8 cylinder front engine iconic vehicle
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By maddog2020
#135548
There are 2 different 928 cam tool sets. there is the 9226 which comes with the saddles to bolt the cams down, the threaded studs that allow you to bolt them down to the heads and a couple of plates to time the cams. These are documented for the early 32v engines, and then there is the 9248 which are just the saddles, and are supposed to be used on the S4 and later engines.

do the early 32v heads have different cam spacing than the S4 and later heads? I've never had one of each to compare
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By worf
#135553
maddog2020 wrote: Wed Feb 23, 2022 9:21 am There are 2 different 928 cam tool sets. there is the 9226 which comes with the saddles to bolt the cams down, the threaded studs that allow you to bolt them down to the heads and a couple of plates to time the cams. These are documented for the early 32v engines, and then there is the 9248 which are just the saddles, and are supposed to be used on the S4 and later engines.

do the early 32v heads have different cam spacing than the S4 and later heads? I've never had one of each to compare

Are you asking if you can use the 9248 saddles on an S3?

I am 99.99% certain the answer is yes. Why else would it be possible for people to cut the ends off the S3 cams and use them in 87+ heads?

I am 100% that I don’t like those factory-tool cam saddles. I’ve used them according to the WSM, then according to WSM with additional “sense” and came to the conclusion that they are a time waster even if you use them correctly with additional “sense.”
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By maddog2020
#135556
I know the cam shafts are the same diameter, I don't know if the spacing distance between the intake and exhaust cams are the same. I'm guessing not since Porsche sells saddles for both.


for installing factory cams, the easiest way is to just install the cam caps and slowly tighten them down alternating between the caps. The only reason I like using them is that when I'm setting up non stock cams it is easier to get the cams timed properly as they don't have the tick marks on them like the factory ones. so my process is to get the exhaust cams installed and dialed in, with the chains loose (not on the sprockets, then get the intake cams dialed in and marked, then remove the saddles, swap in the tensioner and then check again before installing the cam caps on the intake cams. I will definitely permanently mark the cams this time around.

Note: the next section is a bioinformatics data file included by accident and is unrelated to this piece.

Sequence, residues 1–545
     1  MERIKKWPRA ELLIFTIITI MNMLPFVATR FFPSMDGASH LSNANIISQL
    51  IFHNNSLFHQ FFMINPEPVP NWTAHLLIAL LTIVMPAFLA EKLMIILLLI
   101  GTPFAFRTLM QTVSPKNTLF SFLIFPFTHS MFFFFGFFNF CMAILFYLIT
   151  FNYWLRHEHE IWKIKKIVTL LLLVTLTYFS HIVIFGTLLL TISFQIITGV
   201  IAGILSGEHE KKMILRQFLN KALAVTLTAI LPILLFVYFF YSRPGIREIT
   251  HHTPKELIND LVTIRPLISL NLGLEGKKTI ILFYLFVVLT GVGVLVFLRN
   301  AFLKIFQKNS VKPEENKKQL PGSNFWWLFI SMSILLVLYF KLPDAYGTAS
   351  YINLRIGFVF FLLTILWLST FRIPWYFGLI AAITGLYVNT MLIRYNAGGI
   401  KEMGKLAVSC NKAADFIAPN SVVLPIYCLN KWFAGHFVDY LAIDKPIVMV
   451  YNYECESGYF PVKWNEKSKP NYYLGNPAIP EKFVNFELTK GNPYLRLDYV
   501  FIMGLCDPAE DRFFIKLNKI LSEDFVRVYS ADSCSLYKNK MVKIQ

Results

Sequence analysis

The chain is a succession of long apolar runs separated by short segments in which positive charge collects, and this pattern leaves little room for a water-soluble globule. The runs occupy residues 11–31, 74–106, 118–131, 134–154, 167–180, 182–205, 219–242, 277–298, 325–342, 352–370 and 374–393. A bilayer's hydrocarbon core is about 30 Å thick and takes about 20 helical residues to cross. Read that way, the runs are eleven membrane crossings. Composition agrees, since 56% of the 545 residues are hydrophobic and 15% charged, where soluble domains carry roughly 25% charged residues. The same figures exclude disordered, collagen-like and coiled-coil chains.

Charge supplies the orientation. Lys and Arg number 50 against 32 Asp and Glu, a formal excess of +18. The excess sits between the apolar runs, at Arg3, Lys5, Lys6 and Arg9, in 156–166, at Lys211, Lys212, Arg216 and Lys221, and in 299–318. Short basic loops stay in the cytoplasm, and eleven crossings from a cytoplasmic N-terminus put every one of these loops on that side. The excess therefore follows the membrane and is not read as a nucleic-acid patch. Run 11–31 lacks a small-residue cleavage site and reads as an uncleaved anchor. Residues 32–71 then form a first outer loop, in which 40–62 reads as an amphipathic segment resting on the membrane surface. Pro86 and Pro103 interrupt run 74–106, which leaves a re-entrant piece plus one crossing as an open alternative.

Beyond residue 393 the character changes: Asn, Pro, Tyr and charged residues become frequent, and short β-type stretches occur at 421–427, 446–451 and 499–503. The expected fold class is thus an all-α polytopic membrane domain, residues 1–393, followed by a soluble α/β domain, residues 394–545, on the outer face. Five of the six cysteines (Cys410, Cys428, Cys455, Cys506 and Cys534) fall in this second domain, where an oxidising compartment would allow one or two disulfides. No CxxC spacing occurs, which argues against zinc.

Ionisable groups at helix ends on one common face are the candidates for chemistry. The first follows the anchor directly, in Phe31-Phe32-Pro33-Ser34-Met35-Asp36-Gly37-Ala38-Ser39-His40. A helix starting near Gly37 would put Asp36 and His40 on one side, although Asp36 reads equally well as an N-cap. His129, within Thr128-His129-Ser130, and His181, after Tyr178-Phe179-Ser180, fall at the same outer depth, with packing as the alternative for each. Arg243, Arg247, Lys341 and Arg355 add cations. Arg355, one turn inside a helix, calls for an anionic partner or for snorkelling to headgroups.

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By worf
#135559
Now that I'm into my second cup of coffee…

I think you’ve got the tools “inverted.”

The 9226 saddles and lobe templates are for the S3. The S4 tool is the lobe template only AFAIK. I’ve only ever heard of saddles with the S3 “kit.” Pretty sure the 9248 is just the lobe templates and that you only get saddles with the 9226.

In any case I am 100% certain that I used the saddles from the 9226 on S4 cams since I was not able to acquire a 9248 set and stopped looking for one at least 10 years ago.
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By worf
#135560
maddog2020 wrote: Wed Feb 23, 2022 9:56 am for installing factory cams, the easiest way is to just install the cam caps and slowly tighten them down alternating between the caps.
I always install the cams with the lobe pressure as much as possible on the two inner cylinder’s lifters. If you do this then the front cam bridge is essentially irrelevant for purposes of getting the cams bolted. But, that doesn’t really help you if you’re messing with indexing on non-stock cams.
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By Stepson
#135896
worf wrote: Wed Feb 23, 2022 10:13 am
I think you’ve got the tools “inverted.”
Dundertaker told me to never get my tool "inverted. " Something about being extremely painful. :hiding:
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By worf
#135910
Stepson wrote: Thu Feb 24, 2022 3:58 pm Dundertaker told me to never get my tool "inverted. " Something about being extremely painful. :hiding:
There are certain positions in which it is quite necessary to invert your tool to perform the required motion.

Everting your tool, however, is not recommended in any circumstances.
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By Stepson
#136046
worf wrote: Thu Feb 24, 2022 5:41 pm There are certain positions in which it is quite necessary to invert your tool to perform the required motion.
Everting your tool, however, is not recommended in any circumstances.
Believe you me, I am never everting MY tool. LOL

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